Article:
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Thread: O/T- referendum

  1. #8
    Senior Member /Vico's Avatar
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    Quote Originally Posted by boxsterboy View Post
    Its nothing to do with the US. What a lot of people here dont like is having our democratically elected government over-ruled by a bunch of un-elected Eurocrats. If more power was given back to us the problem might go away.
    There are a lot of people here who don't like being overruled, by anybody really, but it wouldn't be such an issue if the EU wasn't as ineffective and corrupt as it is. I think a lot of people would prefer it if it were only about commerce and taxes. Whether prisoners get the vote is minor stuff that even prisoners don't often care about.
    It is what it is.

  2. #9
    Senior Member /Vico's Avatar
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    Quote Originally Posted by jwlbrace View Post
    It's interesting that Farage has lobbied and successfully now achieved an 'in/out' agreement on the referendum. I would say that UKIP is building a bit of a head of steam, especially in traditional working class Tory voting households.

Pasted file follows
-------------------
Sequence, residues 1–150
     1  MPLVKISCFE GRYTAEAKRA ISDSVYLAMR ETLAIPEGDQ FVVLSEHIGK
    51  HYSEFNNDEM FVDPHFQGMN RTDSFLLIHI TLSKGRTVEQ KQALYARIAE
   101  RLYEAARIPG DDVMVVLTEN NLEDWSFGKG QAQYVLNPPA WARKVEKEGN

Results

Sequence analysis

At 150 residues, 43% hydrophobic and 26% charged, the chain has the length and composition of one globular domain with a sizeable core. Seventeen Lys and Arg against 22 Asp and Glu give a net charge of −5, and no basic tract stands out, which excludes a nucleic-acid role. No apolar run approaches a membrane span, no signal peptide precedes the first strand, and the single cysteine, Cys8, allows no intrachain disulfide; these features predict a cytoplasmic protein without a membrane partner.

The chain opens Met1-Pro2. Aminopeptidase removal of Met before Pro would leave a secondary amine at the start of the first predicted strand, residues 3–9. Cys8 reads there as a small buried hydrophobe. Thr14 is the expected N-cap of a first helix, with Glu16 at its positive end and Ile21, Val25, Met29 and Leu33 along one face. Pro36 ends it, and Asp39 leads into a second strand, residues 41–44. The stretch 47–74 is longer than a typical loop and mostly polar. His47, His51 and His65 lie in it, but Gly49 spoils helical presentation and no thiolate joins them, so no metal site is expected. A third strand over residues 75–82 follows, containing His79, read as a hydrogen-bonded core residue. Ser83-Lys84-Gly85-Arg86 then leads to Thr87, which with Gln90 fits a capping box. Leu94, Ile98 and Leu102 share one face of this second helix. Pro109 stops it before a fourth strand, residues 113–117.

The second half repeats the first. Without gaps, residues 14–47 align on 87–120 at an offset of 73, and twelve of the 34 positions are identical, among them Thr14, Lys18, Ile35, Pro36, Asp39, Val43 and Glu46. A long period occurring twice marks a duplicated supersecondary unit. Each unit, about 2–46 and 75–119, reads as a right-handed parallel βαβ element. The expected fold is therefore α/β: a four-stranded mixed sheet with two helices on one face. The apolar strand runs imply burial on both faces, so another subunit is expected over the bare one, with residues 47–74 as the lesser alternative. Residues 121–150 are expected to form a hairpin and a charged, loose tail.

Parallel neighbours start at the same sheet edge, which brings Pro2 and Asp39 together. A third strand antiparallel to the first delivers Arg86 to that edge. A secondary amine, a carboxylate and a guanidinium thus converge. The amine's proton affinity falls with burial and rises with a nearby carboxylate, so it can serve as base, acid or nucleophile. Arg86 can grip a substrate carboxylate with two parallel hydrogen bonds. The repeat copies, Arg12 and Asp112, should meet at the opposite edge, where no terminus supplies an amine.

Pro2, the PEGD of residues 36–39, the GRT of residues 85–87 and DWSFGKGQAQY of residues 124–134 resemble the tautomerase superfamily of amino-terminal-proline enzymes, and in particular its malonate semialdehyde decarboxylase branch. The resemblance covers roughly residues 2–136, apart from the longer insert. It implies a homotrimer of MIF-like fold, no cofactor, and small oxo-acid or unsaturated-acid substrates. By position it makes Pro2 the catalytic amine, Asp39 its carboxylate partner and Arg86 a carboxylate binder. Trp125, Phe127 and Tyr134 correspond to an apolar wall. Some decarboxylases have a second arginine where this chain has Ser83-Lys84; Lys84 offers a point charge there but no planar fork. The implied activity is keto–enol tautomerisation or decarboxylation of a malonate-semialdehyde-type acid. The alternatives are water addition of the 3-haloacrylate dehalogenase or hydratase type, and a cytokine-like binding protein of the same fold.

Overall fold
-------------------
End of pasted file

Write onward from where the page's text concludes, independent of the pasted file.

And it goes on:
I think the BNP is doing well in working class Tory households. Farage is for the lower-middle class Tory voters. I think he is also the new Boris, now that Boris is the new Thatcher.
    It is what it is.

  3. #10
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    Quote Originally Posted by boards_Florian View Post
    I'm really curious what you lot have to say about this topic. For us continental guys, the idea that the UK might withdraw from the EU appears just plain wrong, just like independence for Catalunia. In a world where China and India emerge as new global powers, the only way for European countries to remain somewhat meaningful entities is to form a stron union. Or do you think the City makes you sort of part of the US so that you don't need the EU?
    The mention of "the city" is very relevant.